Coming soon: U.S. Colored Troops Database

Usually, we wait to report about new online record projects until they are actually online. But we can’t wait to share this good news about records of the U.S. Colored Troops (African American soldiers who served in the Civil War). According to an NYU news release, researchers are “transcribing the contents of thousands of personnel and pension records from the Civil War, which also include marriages, children, and residencies, among other data, that are gradually forming the African American Civil War Soldiers database.” That database will eventually be housed at the African American Civil War Museum website.

US history digital archives you should know about

Southern architecture: Surveying the South

The Library of Congress has created a new series called Story Maps, which “combine text, images, multimedia, and interactive maps [from their collections] to create engaging online narrative experiences,” according to a recent announcement.

One of the first Story Maps to be created is Surveying the South, based on about 7000 photographs taken in the 1930s of “exteriors and interiors of houses, mills, and churches as well as mansions, plantations, and outbuildings” in Virginia, Maryland, North Carolina, South Carolina, Georgia, Alabama and Louisiana, Florida, Mississippi, and West Virginia. According to the site, “Domestic dwellings are the most frequently represented structures, ranging from farmhouses and slave quarters to elegant mansions and houses, including abandoned buildings and ruins.” But there are also “city halls, courthouses, schools, churches, and cemeteries…law offices, mills, stores, and taverns.” If locations associated with your family history are part of this Story Map, it could be an incredible resource for you.

Virginia yearbooks

The Archives at the Library of Virginia announced recently, “We have been able to digitize and provide access to 2,308 yearbooks [from around the state] published though 1977, the year that copyright law impacts use. So far, 35 local libraries have contributed their yearbooks, with more in process. There is no set end date for this project; it will continue as long as…funding supports it and there are willing participants.” Click here to explore The Library of Virginia’s digitized yearbook collection (sorted by the public libraries that have contributed their copies).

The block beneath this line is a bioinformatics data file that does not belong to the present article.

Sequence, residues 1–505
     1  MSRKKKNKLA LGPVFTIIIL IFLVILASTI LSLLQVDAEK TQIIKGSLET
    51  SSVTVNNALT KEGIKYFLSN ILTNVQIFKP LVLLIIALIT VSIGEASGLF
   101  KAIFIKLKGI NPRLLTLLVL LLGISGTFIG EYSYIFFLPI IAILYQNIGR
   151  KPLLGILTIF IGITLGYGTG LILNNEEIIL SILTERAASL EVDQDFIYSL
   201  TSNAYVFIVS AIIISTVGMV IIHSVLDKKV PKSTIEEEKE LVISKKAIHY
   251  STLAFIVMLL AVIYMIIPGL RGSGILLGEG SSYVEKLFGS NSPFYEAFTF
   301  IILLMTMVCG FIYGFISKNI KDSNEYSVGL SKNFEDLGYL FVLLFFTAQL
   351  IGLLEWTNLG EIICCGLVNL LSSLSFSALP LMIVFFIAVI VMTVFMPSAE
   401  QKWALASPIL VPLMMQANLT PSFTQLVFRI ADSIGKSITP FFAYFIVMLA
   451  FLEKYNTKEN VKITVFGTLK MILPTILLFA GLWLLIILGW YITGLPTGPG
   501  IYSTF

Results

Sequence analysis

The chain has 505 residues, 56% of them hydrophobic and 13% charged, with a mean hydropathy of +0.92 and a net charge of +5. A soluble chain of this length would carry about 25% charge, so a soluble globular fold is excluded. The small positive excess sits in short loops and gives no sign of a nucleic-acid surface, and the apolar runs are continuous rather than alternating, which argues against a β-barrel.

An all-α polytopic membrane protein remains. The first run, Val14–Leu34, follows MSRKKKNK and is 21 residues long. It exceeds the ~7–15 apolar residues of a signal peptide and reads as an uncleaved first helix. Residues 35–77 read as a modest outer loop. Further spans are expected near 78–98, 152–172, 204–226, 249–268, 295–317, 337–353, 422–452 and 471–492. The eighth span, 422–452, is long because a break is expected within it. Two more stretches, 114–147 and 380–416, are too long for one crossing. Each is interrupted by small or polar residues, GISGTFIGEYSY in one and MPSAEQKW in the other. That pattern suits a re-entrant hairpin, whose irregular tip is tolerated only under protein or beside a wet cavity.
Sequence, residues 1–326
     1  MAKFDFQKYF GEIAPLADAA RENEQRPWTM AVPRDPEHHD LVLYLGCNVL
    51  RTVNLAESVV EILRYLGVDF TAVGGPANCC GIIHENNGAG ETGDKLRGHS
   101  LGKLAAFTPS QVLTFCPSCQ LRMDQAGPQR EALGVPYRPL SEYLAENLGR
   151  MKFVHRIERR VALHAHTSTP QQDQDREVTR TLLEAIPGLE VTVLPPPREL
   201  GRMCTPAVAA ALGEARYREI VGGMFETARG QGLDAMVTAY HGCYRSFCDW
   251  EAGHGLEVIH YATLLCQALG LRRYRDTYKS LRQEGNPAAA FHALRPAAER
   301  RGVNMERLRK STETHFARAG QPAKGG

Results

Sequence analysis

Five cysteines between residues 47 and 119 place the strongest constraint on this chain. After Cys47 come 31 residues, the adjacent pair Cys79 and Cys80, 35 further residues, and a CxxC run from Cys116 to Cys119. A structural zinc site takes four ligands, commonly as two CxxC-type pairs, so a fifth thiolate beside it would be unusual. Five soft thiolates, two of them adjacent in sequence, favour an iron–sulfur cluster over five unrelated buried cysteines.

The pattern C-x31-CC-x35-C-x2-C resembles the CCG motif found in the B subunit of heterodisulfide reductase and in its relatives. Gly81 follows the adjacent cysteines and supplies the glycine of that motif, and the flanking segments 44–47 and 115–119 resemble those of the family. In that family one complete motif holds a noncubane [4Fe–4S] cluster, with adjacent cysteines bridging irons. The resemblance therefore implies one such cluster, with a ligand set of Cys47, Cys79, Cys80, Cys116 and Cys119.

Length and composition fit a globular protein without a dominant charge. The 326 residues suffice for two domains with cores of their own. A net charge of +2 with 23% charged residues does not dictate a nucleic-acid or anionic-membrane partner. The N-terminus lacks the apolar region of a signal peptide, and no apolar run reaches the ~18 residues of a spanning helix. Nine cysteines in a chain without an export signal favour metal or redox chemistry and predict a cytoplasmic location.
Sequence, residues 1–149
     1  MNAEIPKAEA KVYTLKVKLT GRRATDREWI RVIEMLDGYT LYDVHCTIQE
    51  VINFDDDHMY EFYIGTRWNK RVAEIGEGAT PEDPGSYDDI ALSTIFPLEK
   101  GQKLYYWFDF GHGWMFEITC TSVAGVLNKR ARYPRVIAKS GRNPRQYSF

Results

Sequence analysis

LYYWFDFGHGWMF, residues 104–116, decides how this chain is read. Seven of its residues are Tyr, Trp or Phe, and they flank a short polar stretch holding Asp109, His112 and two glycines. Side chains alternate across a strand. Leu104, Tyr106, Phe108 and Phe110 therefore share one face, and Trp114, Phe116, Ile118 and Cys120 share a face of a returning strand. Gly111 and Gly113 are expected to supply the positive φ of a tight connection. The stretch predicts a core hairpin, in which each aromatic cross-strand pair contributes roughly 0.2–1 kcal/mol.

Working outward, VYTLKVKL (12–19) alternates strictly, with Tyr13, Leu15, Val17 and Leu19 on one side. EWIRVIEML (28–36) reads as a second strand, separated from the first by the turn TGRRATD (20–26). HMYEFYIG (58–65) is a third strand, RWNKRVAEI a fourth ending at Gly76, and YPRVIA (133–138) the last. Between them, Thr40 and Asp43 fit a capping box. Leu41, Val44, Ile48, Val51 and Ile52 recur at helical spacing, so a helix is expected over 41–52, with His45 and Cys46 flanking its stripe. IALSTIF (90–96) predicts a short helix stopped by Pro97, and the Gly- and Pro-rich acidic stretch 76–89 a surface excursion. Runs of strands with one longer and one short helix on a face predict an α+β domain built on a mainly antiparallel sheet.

Southern burial grounds

This isn’t a new collection, but it’s been moved, so it’s a nice opportunity to make you aware of it. The Tennessee State Library and Archives announced the following on its Facebook page: “The Richard C. Finch Folk Graves Digital Photograph Collection is now on [The Tennessee Virtual Archive] TeVA (formerly on the Library and Archives’ Flickr). Dr. Finch has visited hundreds of cemeteries in Tennessee, Alabama, Kentucky, Arkansas, North Carolina, Louisiana and Texas photographing covered graves. His main focus has been on comb graves, so called because architecturally, the slabs of stone make a roof or comb over a grave. Click here to learn more about comb graves and the project.

Holocaust News in US Newspapers

We have reported in the past on History Unfolded, a project by the United States Holocaust Museum that collects local U.S. newspaper coverage in the 1930s and 1940s of Holocaust-related events in an effort to better understand what American readers knew about Nazi Germany. The Dallas News reports, “With the help of hundreds of students and dedicated volunteers, the museum built an extensive online archive of American newspaper coverage of key Holocaust events, including more than 12,000 articles from every U.S. state.” Click here to search the growing archive of newspaper stories or to help find more stories in local newspapers.

Home Movies and Oral Histories: Chicago’s South Side